Jump lists are great productivity enhancers to Windows 7. By using jump lists, you can easily access frequently used ...

Discover More
More WindowsTips

Creating a System Repair Disk on a USB Flash Drive

Having a system repair disk is almost as important as doing regular backups. CDs and DVDs, though, tend to get scratched ...

Discover More

Copying Data with XCopy

XCopy is a file and directory copy utility built into Windows. If you have a lot of file management to do that can't ...

Discover More

Creating a System Image

A system image is a snapshot of your system disk as of a certain point in time. Should the need arise, you can restore ...

Discover More
Subscribe

FREE SERVICE: Get tips like this every week in WindowsTips, a free productivity newsletter. Enter your address and click "Subscribe."

View most recent newsletter.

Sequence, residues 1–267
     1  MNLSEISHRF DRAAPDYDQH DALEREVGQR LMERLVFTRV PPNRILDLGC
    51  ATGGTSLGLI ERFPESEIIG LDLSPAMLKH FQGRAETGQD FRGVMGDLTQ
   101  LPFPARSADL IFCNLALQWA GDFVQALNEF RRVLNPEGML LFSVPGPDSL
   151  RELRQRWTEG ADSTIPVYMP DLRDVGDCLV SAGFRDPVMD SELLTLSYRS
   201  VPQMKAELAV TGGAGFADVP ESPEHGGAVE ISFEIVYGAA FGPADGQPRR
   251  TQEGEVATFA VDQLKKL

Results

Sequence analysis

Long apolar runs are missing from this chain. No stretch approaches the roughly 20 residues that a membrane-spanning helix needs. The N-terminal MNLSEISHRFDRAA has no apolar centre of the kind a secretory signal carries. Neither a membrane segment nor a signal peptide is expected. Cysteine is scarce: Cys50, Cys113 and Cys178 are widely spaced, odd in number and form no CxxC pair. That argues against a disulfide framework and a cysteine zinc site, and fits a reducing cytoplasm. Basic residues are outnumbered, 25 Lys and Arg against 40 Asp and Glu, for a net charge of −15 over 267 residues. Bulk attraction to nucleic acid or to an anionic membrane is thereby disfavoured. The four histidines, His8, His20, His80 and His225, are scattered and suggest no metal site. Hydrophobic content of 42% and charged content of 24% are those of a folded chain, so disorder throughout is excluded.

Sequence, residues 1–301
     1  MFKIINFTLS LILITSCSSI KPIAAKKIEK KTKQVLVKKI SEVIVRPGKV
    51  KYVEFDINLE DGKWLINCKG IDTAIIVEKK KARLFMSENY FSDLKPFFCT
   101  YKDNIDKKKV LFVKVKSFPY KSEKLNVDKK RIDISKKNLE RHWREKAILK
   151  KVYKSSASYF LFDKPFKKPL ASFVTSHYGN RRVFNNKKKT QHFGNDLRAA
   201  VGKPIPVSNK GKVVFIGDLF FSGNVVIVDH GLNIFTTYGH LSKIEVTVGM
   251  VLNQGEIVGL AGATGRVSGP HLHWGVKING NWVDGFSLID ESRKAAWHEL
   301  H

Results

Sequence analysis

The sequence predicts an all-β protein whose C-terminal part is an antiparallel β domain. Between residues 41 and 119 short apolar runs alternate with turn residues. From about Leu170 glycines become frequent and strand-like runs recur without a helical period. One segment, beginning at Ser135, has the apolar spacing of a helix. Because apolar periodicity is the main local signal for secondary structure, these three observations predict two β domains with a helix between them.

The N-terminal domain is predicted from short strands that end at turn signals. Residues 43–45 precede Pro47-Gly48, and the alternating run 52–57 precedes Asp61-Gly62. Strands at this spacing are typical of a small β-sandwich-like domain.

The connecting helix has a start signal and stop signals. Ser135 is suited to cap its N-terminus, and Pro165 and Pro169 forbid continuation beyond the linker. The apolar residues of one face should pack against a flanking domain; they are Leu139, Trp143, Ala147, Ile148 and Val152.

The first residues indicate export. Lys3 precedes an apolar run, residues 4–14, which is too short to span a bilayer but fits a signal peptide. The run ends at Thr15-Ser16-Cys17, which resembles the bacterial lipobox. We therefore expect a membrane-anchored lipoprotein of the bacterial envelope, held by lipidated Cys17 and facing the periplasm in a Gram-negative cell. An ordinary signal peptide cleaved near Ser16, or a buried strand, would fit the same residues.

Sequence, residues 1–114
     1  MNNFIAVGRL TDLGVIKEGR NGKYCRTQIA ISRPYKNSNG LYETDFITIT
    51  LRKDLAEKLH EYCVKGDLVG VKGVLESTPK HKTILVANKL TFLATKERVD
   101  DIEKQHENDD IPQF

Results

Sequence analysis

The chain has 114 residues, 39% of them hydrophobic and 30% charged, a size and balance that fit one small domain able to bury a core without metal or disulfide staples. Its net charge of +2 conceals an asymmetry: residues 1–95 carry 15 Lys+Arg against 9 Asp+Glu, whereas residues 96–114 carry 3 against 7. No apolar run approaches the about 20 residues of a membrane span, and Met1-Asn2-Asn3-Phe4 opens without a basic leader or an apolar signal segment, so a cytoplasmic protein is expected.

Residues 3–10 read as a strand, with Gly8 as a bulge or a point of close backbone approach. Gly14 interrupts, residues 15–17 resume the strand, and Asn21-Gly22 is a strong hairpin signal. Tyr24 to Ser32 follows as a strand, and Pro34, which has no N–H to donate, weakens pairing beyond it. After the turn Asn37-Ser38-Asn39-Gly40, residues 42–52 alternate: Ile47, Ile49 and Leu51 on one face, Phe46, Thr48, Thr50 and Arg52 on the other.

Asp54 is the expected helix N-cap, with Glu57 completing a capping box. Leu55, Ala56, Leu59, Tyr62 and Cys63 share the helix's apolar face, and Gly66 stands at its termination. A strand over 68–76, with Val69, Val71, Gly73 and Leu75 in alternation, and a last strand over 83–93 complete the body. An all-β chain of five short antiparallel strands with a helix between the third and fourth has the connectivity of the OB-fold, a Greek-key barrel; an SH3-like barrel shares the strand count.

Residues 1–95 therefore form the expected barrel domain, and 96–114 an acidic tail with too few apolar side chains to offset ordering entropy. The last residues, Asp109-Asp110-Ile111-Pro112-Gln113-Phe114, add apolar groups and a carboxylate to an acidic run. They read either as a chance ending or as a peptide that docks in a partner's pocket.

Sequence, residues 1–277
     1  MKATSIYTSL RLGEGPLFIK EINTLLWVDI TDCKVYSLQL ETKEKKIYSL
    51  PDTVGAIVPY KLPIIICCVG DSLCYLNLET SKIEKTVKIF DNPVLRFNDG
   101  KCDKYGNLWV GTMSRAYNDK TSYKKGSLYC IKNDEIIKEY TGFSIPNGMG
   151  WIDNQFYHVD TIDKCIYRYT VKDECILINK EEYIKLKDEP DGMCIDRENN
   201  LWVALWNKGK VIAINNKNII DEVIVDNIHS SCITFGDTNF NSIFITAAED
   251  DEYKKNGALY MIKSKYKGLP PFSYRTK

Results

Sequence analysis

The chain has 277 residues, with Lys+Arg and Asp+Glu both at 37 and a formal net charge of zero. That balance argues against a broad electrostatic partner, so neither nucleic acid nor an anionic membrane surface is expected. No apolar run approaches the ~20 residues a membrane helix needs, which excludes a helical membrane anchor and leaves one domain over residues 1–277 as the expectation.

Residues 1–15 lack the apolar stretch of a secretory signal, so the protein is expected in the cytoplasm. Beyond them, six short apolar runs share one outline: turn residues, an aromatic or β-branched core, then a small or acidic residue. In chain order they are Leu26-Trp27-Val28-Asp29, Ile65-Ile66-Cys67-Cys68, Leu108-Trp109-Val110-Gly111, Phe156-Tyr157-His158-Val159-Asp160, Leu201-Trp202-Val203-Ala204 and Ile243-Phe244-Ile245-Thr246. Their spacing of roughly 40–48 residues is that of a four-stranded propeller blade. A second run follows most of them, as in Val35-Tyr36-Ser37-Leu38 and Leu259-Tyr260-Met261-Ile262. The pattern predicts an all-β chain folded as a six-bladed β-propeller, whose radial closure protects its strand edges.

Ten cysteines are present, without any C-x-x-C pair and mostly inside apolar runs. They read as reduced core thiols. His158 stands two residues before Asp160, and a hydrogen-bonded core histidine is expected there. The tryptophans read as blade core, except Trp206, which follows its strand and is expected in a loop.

Comments

If you would like to add an image to your comment (not an avatar, but an image to help in making the point of your comment), include the characters [{fig}] in your comment text. You’ll be prompted to upload your image when you submit the comment. Maximum image size is 6Mpixels. Images larger than 600px wide or 1000px tall will be reduced. Up to three images may be included in a comment. All images are subject to review. Commenting privileges may be curtailed if inappropriate images are posted.

What is 5 + 3?

2018-06-04 06:36:58

Vowner

But using robocopy i am not able to copy the mlinks folder content


2017-11-07 10:24:23

catherine lee

Well, using robocopy for copying entire file directroy and file sync does not sound good to me. Because its transfer speed is not good enough to transfer million of files. I am now using GS Richcopy 360 instead and I found it way better than robo. Plus it has a clean GUI so no need to remember the commands, what else would someone want. Cheers!


2017-10-19 19:30:08

Barry

I honestly have no idea. Of course you could try it out simply by opening a second command window and kick off both of your copies in different windows. I'd be curious to know the outcome.